A quality driveway can last a long time, withstanding the harsh elements and bearing the weight of heavy vehicles. However, your driveway will show signs of wear and tear throughout the years like any other part of your home.
Repairing your driveway can ensure a safe path for driving and walking. Fixing your driveway is also essential if you plan to sell your home, especially if other homes in the area have smooth, well-maintained driveways.
Learn more below about the predominant types of driveways, fixing driveway cracks and what to do if the damage is extensive.
Concrete vs. Asphalt Driveways
The most common types of driveway materials are concrete and asphalt. Both use crushed stone and sand, also known as aggregate, and bind them together using one of the two materials. Here are the main differences between the two types of driveways:
- Concrete: These driveways use cement as the main ingredient to bind the aggregate together. The cement mixture utilizes water, rock, clay and aggregate to create a strong foundation. A cement driveway can simply look like cement or be stamped to look like paver stones or brick.
- Asphalt: In an asphalt driveway, aggregate is bound together using a petroleum-based material — asphalt — that’s comparable to tar. These driveways are often referred to as blacktop, as they’re dark in color.
Ideally, neither concrete nor asphalt would become damaged or cracked. However, time, nature and other environmental influences can damage even the most quality of driveways.
How to Fix Cracks in a Concrete Driveway
If you start to see damage on your concrete driveway, follow these steps to repair it:
- Inspect your driveway: Before starting the repair process, you need to inspect your driveway to determine the extent of the damage and the materials you’ll need to repair the damage. Use a tape measure or ruler to get an accurate gauge of what you need. When you find a crack or damage, you should chip away at crumbling or soft concrete to ensure that the gap is wider below the surface than at the top.
- Wash the concrete: Now that you’ve assessed the damage, it’s time to start washing the concrete. Consider using a power washer for the most efficient cleaning experience. Begin from the middle of the driveway and work your way outward, ensuring the dirt doesn’t come back to areas you’ve already cleaned. Using a brush, you can also apply environmentally safe detergent and work it into the surface. Use a hose or the power washer to remove the detergent and dirt. Then, let it dry.
- Remove additional debris: Use a shop vacuum to eliminate the remaining dirt from the cracks and ensure everything is completely dry before fixing the damage.
- Fill and repair cracks: Apply a bonding adhesive, vinyl patching compound or primer to ensure the old material bonds well with the patching material. Any larger cracks will require foam backer rods to support them and prevent them from worsening. Fill all cracks. Cover big sections with a plastic sheet until the material sets. Follow the manufacturer’s instructions on your chosen material to stay safe and ensure each crack is fixed properly.
How to Fix Cracks in an Asphalt Driveway
If you have an asphalt driveway instead of a concrete driveway, you may need to take a few different steps to fix any damage or cracks:
- Clean your driveway: Before fixing the holes or cracks in your driveway, start by cleaning away any debris from the asphalt. Use a broom or leaf blower to eliminate leaves and dust and a pressure washer to eliminate any pesky stains.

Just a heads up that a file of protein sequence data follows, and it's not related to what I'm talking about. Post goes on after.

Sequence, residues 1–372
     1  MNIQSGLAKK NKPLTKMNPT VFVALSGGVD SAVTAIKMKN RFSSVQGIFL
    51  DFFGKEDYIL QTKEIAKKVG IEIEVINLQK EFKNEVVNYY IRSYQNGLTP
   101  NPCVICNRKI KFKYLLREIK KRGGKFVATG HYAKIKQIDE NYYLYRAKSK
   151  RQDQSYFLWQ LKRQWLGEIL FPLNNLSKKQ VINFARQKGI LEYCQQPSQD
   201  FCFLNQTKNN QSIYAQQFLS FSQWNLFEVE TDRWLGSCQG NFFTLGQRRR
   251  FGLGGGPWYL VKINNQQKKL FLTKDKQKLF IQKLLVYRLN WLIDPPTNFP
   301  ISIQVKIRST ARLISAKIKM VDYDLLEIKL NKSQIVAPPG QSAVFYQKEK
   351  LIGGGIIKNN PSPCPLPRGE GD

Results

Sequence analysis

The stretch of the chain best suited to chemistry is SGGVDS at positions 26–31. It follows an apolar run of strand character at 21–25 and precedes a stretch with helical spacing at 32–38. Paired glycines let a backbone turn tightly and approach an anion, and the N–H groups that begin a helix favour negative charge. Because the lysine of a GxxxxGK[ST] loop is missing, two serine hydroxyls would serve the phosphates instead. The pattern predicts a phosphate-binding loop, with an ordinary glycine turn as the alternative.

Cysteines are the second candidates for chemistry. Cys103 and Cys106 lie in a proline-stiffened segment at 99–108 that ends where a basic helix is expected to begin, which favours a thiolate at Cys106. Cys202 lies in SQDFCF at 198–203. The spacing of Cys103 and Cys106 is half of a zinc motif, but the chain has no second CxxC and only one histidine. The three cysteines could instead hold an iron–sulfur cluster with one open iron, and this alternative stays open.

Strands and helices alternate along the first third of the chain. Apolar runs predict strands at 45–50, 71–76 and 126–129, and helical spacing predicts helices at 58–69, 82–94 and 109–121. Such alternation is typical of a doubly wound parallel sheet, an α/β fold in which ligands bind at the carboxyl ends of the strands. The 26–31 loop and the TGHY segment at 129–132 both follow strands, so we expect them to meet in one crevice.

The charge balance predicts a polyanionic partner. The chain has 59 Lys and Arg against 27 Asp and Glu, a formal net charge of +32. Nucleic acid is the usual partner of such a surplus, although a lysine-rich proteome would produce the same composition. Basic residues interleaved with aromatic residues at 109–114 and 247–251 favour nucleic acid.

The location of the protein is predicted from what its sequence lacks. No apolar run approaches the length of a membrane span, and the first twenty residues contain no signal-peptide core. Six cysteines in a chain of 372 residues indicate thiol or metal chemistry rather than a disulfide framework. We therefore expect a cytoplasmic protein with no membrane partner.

- Patch holes or cracks: Patching cracks and holes ahead of time will give you the best results. Use crack filler for minor cracks and a driveway patch for larger cracks. Ensure you don’t overfill cracks so they’re not visible under the sealant. If you overfill the cracks, you can always use a scraper to level it out.
- Clean and mix sealant: After filling the cracks and holes, give the driveway another pass-over with your broom or leaf blower. Start mixing your sealant to have it ready by the time you need to apply it to the asphalt.
- Seal the edge: Sealing the edge of the driveway first can help prevent any sealant from spilling over the edge. Work your way around the edge and on any place where the driveway meets any structure. Be more precise by using a paintbrush, making it look as good as when it was first laid down.
- Seal the remaining asphalt: Now that you’ve sealed the edges, you can pour the sealant on the remaining asphalt. Use a squeegee to move the sealant around, using the right amount of pressure to keep the coverage even. The sealant will need to cure for 24 hours, so wait to do so until the next couple of days are clear and sunny. Apply a second coat once it’s cured to ensure each space is cured evenly.
When Is the Crack Too Big to Repair?
If you need to patch small driveway cracks or holes, it’s simple to do so on your own. However, some cracks are too big to repair on your own and require professional assistance to resurface. In some cases, you may need to completely replace the driveway to bring it back to its pristine form.
A professional can help you assess the extent of the damage and give you a better idea of the work that needs to be done. While professional repairs can be expensive, the appearance of your driveway could affect your home’s value and ability to sell, so it may be a worthwhile investment.
Don’t Let Your Home’s Condition Hold You Back From Selling
HomeGo will buy your home as-is, regardless of its condition. Once we conduct our walkthrough, we’ll determine the value of your home and give you an offer the same day. You can close the deal with us in as little as seven days, allowing you to move whenever you’re ready.
We also offer a leaseback program, which will enable you to stay in your home after the deal, giving you time to pack or prepare to move. Schedule a walkthrough today to get started or contact us to learn more about how we can help.